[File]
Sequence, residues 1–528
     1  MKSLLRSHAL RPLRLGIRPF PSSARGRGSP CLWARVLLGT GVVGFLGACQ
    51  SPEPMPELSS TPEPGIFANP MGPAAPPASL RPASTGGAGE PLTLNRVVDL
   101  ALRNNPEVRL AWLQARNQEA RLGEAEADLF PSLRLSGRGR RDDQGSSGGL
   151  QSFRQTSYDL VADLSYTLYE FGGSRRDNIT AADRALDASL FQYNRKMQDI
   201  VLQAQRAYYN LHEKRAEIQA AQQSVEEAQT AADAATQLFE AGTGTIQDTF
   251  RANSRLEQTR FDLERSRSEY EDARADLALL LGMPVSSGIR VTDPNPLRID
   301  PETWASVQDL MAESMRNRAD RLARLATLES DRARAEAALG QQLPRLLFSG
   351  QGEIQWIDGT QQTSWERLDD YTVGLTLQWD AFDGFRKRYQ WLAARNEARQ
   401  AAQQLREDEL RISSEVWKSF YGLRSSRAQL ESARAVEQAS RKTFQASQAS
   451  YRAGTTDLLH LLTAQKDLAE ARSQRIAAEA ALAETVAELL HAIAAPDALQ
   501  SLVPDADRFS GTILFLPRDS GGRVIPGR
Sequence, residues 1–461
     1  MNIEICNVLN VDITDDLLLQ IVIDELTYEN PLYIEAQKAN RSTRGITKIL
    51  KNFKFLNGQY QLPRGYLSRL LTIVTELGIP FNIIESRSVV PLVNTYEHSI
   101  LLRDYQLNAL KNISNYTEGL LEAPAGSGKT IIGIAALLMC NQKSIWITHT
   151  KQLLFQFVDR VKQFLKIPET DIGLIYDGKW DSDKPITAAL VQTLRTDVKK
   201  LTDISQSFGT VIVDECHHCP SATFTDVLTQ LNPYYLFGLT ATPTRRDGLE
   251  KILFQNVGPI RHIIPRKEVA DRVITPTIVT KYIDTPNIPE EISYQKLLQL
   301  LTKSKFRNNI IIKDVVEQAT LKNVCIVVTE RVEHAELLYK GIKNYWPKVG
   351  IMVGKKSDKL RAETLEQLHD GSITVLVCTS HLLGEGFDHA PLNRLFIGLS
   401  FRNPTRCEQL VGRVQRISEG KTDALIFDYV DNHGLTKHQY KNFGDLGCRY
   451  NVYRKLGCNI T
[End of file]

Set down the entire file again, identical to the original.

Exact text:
Sequence, residues 1–528
     1  MKSLLRSHAL RPLRLGIRPF PSSARGRGSP CLWARVLLGT GVVGFLGACQ
    51  SPEPMPELSS TPEPGIFANP MGPAAPPASL RPASTGGAGE PLTLNRVVDL
   101  ALRNNPEVRL AWLQARNQEA RLGEAEADLF PSLRLSGRGR RDDQGSSGGL
   151  QSFRQTSYDL VADLSYTLYE FGGSRRDNIT AADRALDASL FQYNRKMQDI
   201  VLQAQRAYYN LHEKRAEIQA AQQSVEEAQT AADAATQLFE AGTGTIQDTF
   251  RANSRLEQTR FDLERSRSEY EDARADLALL LGMPVSSGIR VTDPNPLRID
   301  PETWASVQDL MAESMRNRAD RLARLATLES DRARAEAALG QQLPRLLFSG
   351  QGEIQWIDGT QQTSWERLDD YTVGLTLQWD AFDGFRKRYQ WLAARNEARQ
   401  AAQQLREDEL RISSEVWKSF YGLRSSRAQL ESARAVEQAS RKTFQASQAS
   451  YRAGTTDLLH LLTAQKDLAE ARSQRIAAEA ALAETVAELL HAIAAPDALQ
   501  SLVPDADRFS GTILFLPRDS GGRVIPGR
Sequence, residues 1–461
     1  MNIEICNVLN VDITDDLLLQ IVIDELTYEN PLYIEAQKAN RSTRGITKIL
    51  KNFKFLNGQY QLPRGYLSRL LTIVTELGIP FNIIESRSVV PLVNTYEHSI
   101  LLRDYQLNAL KNISNYTEGL LEAPAGSGKT IIGIAALLMC NQKSIWITHT
   151  KQLLFQFVDR VKQFLKIPET DIGLIYDGKW DSDKPITAAL VQTLRTDVKK
   201  LTDISQSFGT VIVDECHHCP SATFTDVLTQ LNPYYLFGLT ATPTRRDGLE
   251  KILFQNVGPI RHIIPRKEVA DRVITPTIVT KYIDTPNIPE EISYQKLLQL
   301  LTKSKFRNNI IIKDVVEQAT LKNVCIVVTE RVEHAELLYK GIKNYWPKVG
   351  IMVGKKSDKL RAETLEQLHD GSITVLVCTS HLLGEGFDHA PLNRLFIGLS
   401  FRNPTRCEQL VGRVQRISEG KTDALIFDYV DNHGLTKHQY KNFGDLGCRY
   451  NVYRKLGCNI T